The football club, is what I’m talking about here. Anyone remotely interested in football already knows that Barcelona is the club that epitomises a certain “pure” style based on possession and passing. England’s major exponents of this style are Arsenal, but the difference between them and Barcelona is that Barcelona have been extremely successful over the past few years, while Arsenal have often looked impressive but missed out on actual trophies for six years (they were beaten in the 2006 Champions’ League final by, of course, Barcelona. Side note: that Barcelona team, managed by Frank Rijkaard, was undoubtedly great but didn’t embody the club philosophy as completely as the current one. While Xavi was present in both, 2006 was the Ronaldinho team, while 2009-11 is the Messi/Iniesta team). Because Barcelona and Arsenal are playing once again in the Champions’ League, the Guardian has done a couple of interesting pieces about them recently.

First (and yes I’m about a month late with this), here’s a link to an interview with Xavi. Some of it (e.g. “They didn’t touch the ball. Madre mía, what a match! In the dressing room, we gave ourselves a standing ovation”) can sound a little arrogant, but I don’t think the accusation holds up as he’s very generous towards other players in other parts of the interview and comes across as just someone who cares a lot about the game and the way Barcelona play it. He also has a generally interesting take on football. Richard Williams wrote an appalling article afterwards accusing Xavi of sour grapes over the 2010 Champions’ League semi final, ignoring just about everything positive in the interview; I’m not gonna dignify that with a link. Xavi’s interview had so many interesting points that I thought it worth going through in a bit of detail.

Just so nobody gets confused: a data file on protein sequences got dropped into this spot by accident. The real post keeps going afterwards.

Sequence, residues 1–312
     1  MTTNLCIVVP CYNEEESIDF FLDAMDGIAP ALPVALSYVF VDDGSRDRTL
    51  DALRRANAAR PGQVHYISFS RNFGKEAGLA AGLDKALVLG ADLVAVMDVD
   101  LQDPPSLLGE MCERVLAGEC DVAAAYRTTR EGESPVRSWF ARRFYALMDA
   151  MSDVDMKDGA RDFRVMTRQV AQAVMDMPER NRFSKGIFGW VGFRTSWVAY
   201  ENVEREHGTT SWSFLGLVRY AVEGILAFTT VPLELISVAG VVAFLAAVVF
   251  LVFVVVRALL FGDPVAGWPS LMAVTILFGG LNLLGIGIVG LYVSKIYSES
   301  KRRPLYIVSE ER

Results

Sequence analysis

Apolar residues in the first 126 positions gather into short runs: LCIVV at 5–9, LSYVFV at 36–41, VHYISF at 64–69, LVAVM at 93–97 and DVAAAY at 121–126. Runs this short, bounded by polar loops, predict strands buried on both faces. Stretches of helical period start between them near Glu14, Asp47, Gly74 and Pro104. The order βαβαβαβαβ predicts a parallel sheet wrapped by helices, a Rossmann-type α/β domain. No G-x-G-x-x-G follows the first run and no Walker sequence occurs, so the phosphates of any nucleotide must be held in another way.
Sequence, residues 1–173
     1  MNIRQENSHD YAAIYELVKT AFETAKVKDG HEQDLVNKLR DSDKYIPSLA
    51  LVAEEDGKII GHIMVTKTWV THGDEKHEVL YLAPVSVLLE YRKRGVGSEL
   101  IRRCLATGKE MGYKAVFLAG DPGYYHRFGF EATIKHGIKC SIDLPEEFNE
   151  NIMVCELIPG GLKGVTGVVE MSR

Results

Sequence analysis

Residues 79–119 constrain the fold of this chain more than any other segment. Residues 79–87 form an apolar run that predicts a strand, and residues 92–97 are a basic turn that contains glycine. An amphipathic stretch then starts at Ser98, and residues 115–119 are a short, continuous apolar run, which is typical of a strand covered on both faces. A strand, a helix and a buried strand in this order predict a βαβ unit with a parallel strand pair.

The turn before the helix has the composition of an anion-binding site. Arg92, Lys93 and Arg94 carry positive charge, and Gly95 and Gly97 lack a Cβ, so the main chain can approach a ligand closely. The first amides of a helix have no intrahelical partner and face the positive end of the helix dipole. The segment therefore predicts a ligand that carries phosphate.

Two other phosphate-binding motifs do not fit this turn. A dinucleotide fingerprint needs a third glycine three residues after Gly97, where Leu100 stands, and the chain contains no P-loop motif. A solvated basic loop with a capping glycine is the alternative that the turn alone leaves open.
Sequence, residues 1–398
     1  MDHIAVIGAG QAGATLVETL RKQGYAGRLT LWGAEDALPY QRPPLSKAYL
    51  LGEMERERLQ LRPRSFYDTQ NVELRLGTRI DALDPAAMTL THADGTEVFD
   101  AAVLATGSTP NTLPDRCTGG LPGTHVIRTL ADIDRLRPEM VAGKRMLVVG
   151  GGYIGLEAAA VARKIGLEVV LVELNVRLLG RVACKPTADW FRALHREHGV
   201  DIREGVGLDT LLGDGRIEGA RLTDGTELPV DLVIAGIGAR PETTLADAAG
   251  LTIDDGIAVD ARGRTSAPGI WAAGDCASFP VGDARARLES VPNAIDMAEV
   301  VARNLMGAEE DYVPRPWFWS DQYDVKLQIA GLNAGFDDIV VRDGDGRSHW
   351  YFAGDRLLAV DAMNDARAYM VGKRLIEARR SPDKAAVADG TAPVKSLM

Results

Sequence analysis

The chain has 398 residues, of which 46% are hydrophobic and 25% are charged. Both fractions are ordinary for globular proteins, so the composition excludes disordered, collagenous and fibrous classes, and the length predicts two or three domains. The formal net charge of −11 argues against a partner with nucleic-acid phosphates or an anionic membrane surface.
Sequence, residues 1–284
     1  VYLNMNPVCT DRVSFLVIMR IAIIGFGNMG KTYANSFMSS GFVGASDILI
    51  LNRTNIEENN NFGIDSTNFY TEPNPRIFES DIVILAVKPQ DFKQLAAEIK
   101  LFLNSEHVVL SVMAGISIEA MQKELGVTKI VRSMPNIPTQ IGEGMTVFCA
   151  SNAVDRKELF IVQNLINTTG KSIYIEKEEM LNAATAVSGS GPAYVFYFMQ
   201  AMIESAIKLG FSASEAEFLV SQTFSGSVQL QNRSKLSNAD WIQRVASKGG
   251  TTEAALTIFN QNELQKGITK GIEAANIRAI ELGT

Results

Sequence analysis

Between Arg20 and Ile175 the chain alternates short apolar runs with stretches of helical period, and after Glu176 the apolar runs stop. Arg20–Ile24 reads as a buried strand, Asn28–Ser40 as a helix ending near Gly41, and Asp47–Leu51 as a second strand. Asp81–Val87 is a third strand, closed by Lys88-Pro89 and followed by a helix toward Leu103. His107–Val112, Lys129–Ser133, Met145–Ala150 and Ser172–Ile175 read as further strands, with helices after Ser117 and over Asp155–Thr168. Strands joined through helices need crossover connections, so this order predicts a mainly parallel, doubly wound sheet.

That’s what I do: look for spaces. All day. I’m always looking. All day, all day. [Xavi starts gesturing as if he is looking around, swinging his head]. Here? No. There? No. People who haven’t played don’t always realise how hard that is.

I just love the image of Xavi mid-interview, swinging his head around, imitating himself in a match. It’s also a great description of what a player should aspire to be doing the whole time.

Sometimes, I even think to myself: man, so-and-so is going to get annoyed because I’ve played three passes and haven’t given him the ball yet. I’d better give the next one to Dani because he’s gone up the wing three times. When Leo [Messi] doesn’t get involved, it’s like he gets annoyed … and the next pass is for him.

Sounds exactly like playing in the park. Glad to know that some things about the game are the same right to the top level.

I’m happy because, from a selfish point of view, six years ago I was extinct; footballers like me were in danger of dying out. It was all: two metres tall, powerful, in the middle, knockdowns, second balls, rebounds …